Finally, I would like to consider the conservation perspective. Lots of zoos claim that by breeding animals in captivity we can ensure that the species doesn’t go extinct. After all, we are going through the biggest mass extinction since the age of the dinosaurs, and species are going extinct daily. Half of the world’s animals have disappeared since the 1970’s. That is a tragedy. So, perhaps it IS morally acceptable to support zoos because they are ensuring the survival of animals for the coming generations.

However, this argument is also flawed in part. For example, the low numbers of individuals in a zoo means that the gene pool is very limited and it can be difficult to breed without problems. What’s more, removing rare animals from the wild to conserve them in zoos could further impact the natural populations and put them at risk. Some people believe that the benefits that a whole species may receive from conservation cannot excuse the negative impacts on the animals living inside the zoo.

‘For the greater good,’ is a dangerous argument for ANY philosophical problem after all. With the overpopulation of humans in the world leading to limited supplies, killing a few million people would never be an acceptable way to deal with the environmental strain.

Over all, I think that some individual zoos are probably good places, run by good people who want the best for the animals they look after, and those living in the wild. However, I think it’s really important to keep pressure on zoos to put conservation before entertainment and profit. For example, I think it is completely unacceptable to train a killer whale to perform tricks from a crowd, or swim with dolphins in a holiday complex swimming pool. You have to weigh up all the arguments I have put forward and decide in each individual case if the zoo is a place you are prepared to financially support by buying your ticket.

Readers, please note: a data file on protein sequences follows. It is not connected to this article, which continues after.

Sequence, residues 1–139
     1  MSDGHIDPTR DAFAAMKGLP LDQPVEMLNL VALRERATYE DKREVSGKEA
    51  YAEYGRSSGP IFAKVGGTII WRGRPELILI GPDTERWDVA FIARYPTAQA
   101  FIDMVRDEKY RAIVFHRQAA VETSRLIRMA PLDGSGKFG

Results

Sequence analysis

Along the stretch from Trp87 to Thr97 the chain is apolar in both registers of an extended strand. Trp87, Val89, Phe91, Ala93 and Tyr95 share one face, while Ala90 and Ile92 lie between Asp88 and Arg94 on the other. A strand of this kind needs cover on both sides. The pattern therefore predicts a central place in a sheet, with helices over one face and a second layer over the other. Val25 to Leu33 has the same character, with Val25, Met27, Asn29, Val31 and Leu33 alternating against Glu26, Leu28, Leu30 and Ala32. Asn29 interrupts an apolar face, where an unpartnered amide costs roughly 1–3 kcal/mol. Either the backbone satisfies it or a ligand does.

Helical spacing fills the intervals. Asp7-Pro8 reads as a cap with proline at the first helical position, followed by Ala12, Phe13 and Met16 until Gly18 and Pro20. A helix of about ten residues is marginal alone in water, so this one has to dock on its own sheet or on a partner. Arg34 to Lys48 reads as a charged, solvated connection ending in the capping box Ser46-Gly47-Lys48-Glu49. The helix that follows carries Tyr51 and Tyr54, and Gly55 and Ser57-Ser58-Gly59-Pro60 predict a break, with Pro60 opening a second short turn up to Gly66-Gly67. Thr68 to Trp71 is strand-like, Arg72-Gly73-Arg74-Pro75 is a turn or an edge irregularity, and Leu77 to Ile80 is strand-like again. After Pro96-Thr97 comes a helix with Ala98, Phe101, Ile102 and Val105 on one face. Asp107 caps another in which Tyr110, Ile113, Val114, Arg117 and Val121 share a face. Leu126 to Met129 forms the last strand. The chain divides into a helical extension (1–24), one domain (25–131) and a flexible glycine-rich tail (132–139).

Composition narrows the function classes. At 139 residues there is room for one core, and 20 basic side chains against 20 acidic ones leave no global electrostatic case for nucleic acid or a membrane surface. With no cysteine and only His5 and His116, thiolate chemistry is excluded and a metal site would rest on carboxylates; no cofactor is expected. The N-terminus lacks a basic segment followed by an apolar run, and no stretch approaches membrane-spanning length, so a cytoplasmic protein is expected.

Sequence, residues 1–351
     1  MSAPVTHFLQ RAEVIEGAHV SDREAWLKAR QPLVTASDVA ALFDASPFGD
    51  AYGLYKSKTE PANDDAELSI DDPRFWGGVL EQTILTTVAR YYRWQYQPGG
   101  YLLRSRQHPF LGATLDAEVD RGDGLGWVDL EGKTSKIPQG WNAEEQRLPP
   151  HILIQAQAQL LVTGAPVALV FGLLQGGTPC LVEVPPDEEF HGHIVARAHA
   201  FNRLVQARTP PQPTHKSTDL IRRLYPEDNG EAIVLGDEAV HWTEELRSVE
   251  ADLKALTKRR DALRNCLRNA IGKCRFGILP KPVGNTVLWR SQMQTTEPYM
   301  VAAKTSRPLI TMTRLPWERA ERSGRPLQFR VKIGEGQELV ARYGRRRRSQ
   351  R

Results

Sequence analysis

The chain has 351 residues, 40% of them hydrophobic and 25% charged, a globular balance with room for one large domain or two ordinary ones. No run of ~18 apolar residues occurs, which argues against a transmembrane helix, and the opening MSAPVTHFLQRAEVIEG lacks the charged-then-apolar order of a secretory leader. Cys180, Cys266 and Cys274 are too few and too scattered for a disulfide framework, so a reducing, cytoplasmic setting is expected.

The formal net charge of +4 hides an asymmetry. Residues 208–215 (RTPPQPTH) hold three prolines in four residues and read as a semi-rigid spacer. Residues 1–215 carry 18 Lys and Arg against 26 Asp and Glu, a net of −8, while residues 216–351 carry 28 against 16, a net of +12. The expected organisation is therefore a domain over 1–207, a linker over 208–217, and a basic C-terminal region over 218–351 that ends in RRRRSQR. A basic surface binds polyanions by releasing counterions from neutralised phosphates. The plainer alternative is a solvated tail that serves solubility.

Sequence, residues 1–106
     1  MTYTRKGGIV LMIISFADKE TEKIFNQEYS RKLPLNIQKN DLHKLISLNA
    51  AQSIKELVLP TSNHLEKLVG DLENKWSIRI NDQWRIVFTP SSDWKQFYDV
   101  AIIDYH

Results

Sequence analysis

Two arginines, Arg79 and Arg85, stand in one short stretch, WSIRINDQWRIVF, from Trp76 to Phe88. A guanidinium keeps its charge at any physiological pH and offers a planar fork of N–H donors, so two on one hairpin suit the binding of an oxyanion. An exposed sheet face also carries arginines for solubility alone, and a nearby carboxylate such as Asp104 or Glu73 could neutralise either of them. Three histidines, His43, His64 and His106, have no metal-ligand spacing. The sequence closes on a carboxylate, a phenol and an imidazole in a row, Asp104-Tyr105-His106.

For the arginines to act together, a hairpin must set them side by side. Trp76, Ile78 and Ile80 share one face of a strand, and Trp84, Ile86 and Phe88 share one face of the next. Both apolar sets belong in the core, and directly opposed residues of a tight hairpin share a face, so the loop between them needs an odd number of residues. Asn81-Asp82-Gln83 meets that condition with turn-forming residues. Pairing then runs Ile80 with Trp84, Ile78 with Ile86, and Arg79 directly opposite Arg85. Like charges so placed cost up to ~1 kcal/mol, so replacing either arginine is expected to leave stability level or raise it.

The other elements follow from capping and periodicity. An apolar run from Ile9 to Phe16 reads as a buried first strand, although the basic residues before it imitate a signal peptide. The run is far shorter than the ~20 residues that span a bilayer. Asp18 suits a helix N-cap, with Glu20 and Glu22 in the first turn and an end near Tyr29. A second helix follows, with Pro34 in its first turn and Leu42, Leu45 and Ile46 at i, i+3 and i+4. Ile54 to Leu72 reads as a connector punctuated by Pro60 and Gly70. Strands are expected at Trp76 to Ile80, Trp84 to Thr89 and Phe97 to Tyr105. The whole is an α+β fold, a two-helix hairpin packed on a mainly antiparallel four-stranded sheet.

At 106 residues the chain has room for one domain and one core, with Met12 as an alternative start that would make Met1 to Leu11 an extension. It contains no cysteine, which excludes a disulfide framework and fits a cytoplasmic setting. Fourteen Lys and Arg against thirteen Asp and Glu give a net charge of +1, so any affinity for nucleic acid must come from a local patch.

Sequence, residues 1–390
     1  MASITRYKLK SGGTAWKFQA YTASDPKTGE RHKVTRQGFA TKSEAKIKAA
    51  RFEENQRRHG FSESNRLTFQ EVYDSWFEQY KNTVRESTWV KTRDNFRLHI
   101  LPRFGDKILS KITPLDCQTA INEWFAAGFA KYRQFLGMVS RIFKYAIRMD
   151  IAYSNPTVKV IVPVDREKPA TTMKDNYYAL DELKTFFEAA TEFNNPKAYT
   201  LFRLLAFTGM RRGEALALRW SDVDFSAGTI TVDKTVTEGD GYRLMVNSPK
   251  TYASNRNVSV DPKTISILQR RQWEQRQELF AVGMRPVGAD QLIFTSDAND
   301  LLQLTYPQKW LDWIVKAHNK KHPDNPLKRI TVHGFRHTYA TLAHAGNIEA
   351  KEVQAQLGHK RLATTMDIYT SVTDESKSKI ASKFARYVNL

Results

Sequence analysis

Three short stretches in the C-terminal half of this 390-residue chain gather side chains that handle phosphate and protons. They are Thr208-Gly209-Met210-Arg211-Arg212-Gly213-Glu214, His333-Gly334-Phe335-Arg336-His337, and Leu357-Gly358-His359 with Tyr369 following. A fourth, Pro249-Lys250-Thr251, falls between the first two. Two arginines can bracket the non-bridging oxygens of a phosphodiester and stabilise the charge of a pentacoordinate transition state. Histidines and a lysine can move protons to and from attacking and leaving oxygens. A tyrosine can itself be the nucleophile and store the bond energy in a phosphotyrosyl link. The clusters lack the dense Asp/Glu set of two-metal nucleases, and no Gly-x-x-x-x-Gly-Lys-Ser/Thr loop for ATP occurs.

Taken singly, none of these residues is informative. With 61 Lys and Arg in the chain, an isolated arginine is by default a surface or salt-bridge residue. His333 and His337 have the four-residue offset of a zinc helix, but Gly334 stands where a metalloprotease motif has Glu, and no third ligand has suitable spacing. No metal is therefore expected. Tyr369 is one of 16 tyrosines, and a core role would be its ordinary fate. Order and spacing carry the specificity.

Hope you found this interesting! Let me know if you have any arguments you would like to add 😊

2 thoughts on “Prisons or sanctuaries? Clearing up the confusion about zoos

  1. It is important to say that most European and British zoos are members of EAZA and BIAZA, professional bodies that produce strict guidelines on how zoos should be run. This also includes a programme called Zims, in which animals must be logged with as much information as possible, particularly genetic information if this is known, to allow for breeding to take place amongst carefully selected (genetically distinct) individuals. So occasionally these methods produce better gene pools than would be produced in the wild.
    I too agree that some zoos are awful, and I have absolutely no idea why they are allowed to continue keeping animals in the way that they do. I also agree with you about aqauariums and birds in cages, but some zoos are doing an incredible job in contributing towards conservation, including using the income to contribute to conservation directly in the field.
    This is a great article about how captivity can be successful; https://www.facebook.com/newscientist/posts/10155049030094589

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    1. Hi Ellen thank you for your comment that was really interesting! I will check out the article for sure. I think this issue comes down to considering each zoo separately as it’s very hard to generalize. Animals in captivity can be extremely well cared for and happy, and equally can be vulnerable to bad treatment. Great point that zoos can reinvest money into conservation! (Did you know that in hunting programs e.g. lion shooting in africa, the right to shoot an animal is auctioned off and then that money is also reinvested, actually contributing to higher levels of biodiversity and more animals than there would be without the hunting… that’s another mind boggler that I can’t decide how I feel about)